New Saudi monarch adept at using oil, market influence

LONDON — Saudi Arabia’s new monarch already boasts a decade of controlling the world’s largest reserves of crude oil and is adept at using the pro-Western kingdom’s unrivalled influence over global energy markets.

By (Reuters)

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Published: Tue 2 Aug 2005, 10:29 AM

Last updated: Thu 2 Apr 2015, 4:11 PM

Under King Abdullah bin Abdul-Aziz, Riyadh will continue to play its long-running role as oil market moderator that he championed as Crown Prince after his half brother King Fahd suffered a stroke in 1995.

“The Crown Prince, now King, was very much an architect of Saudi Arabia’s oil policy, so there is unlikely to be any radical change,” said Paul Horsnell of Barclays Capital.

Though careful to avoid stating a preferred target price, Saudi officials see $50 crude as too high for a healthy global economy.

In an effort to keep world markets supplied and prices moderate, Riyadh has raised production in recent months to 9.5 million barrels per day (bpd), supplying 11 per cent of the world’s crude and pushing Opec output to a 25-year high.

“Saudi Arabia will continue to give its customers what they want,” a Saudi source said following the death of King Fahd on Monday.

But despite high pumping rates from Opec, led by Saudi Arabia, oil is trading within a dollar of a record high of $62.10 as rising world energy demand, especially in Asia, leaves little spare output capacity.

Saudi Arabia alone holds significant excess production.

With output capacity strained, international oil companies are piling pressure on big producers to break down investment barriers. But Abdullah is unlikely to soften Riyadh’s hard line on foreign involvement in oil.

“There’s no reason for Abdullah to change a policy that’s been in place the past decade,” said a Western oil executive. ”So getting into Saudi oilfields is the least of our thoughts.”

State oil company Saudi Aramco’s expertise and piles of cash enable it to drill for oil under its own steam, say Saudi officials. The upstream oil sector, home to 264 billion barrels of crude, has been off-limits to multinationals since the 1970s.

Oil export revenues make up around 90 to 95 per cent of total Saudi export earnings, 70 to 80 per cent of state revenues and around four percent of the country’s gross domestic product.

Mindful of consumer concerns, Riyadh has gone out of its way to offer assurances on the supply front -- promising to maintain a spare oil capacity cushion of 1.5 million to 2 million bpd.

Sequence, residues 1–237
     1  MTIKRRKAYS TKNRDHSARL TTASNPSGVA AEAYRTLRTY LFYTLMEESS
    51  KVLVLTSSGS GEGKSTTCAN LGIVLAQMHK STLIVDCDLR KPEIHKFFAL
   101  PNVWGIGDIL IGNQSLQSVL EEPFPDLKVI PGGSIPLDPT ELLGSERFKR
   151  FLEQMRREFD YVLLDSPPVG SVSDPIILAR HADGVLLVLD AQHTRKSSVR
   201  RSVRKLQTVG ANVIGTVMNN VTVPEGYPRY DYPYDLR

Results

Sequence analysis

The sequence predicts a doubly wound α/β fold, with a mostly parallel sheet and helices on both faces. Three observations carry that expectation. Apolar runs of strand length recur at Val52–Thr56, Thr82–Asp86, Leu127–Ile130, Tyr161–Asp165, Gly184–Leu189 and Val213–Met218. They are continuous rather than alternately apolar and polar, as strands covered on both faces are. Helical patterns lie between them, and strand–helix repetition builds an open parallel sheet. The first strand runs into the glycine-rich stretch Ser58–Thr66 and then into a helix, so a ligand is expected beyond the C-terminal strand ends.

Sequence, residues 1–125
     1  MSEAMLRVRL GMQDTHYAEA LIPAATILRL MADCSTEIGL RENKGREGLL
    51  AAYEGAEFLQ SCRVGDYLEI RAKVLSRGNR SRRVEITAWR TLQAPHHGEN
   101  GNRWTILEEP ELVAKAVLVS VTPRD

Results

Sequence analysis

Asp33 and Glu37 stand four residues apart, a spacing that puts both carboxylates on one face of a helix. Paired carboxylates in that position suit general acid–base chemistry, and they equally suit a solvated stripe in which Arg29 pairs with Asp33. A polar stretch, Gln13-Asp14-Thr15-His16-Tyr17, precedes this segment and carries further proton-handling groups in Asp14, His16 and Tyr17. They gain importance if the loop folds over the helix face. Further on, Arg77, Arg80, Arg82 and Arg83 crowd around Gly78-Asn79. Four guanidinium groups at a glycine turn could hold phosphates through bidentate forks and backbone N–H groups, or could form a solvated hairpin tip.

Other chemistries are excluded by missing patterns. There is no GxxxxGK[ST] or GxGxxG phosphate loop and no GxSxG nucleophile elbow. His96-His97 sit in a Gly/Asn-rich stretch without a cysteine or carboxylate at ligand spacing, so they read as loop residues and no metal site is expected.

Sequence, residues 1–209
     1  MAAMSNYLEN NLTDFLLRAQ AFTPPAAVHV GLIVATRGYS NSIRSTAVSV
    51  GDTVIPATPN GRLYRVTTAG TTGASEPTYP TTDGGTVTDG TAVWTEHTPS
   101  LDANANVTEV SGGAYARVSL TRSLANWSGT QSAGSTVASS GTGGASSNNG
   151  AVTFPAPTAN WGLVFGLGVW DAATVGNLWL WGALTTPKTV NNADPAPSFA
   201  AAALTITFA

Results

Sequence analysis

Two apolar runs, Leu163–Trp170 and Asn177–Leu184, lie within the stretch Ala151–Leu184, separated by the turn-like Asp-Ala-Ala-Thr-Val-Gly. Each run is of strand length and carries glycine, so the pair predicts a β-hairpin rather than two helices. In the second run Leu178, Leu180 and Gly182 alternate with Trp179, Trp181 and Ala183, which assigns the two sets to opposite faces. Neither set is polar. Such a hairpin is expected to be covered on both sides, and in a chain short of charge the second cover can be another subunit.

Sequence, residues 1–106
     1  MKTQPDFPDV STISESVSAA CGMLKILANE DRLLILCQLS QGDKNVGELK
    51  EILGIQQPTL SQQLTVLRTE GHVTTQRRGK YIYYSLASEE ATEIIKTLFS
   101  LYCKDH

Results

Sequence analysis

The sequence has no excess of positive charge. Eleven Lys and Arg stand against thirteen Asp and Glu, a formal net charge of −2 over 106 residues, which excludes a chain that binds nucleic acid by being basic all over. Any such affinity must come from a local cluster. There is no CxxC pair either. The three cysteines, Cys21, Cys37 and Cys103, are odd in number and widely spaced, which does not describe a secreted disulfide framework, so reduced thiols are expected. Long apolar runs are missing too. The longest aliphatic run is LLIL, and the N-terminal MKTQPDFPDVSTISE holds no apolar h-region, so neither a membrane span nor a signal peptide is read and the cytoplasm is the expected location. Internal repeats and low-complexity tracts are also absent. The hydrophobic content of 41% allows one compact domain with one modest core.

Riyadh put that buffer to good use in 2003 when it lifted output to compensate for shortages from Venezuela and Nigeria and to curb a price spike ahead of the US-led attack on Iraq.

To maintain its spare capacity and keep up with growing demand, Saudi Arabia is embarking on a $50 billion drive to boost output capacity to 15 million bpd from 11 million bpd.

That bold effort was discussed during Abdullah’s meeting with U.S. President George W. Bush at his Texas ranch in April.

Saudi Arabia is a leading supplier to the United States, which absorbs about 1.6 million bpd of Saudi crude out of total imports of about 10 million bpd.

While North American and European markets remain vital to Riyadh, Saudi Aramco is aiming to capture higher oil sales in energy-hungry Asia. Aramco already ships about 60 per cent of its overseas oil sales, or some 4.5 million bpd to the region.

Abdullah has helped smooth internal politics of the Organisation of the Petroleum Exporting Countries, notably between Riyadh and Teheran, the group’s second biggest producer.

Saudi Arabia is not shy about using its leverage to get cooperation from producers outside OPEC when necessary.

When oil prices plunged to $10 in 1998, Abdullah was instrumental in orchestrating a series of dramatic supply cuts with non-aligned producers Norway and Mexico.

“It has been his guiding hand over Saudi global strategy which has helped OPEC to engineer higher prices since the late-1990s,” said the Petroleum Finance Company.

Another lasting achievement by the new king was forging stronger bonds with Russia, Saudi Arabia’s chief rival outside OPEC, and China, its most promising new market.

His efforts led to firms signing deals to explore for gas in the kingdom, which holds 236 trillion cubic feet of natural gas.

Abdullah opened the contest for Saudi Arabia’s gas riches in 1998, when he hand-picked eight of the world’s top oil firms to invest in a $25 billion natural gas opening.

But only one project worth up to $2 billion involving Royal Dutch/Shell and Total survived after a dispute over commercial terms.

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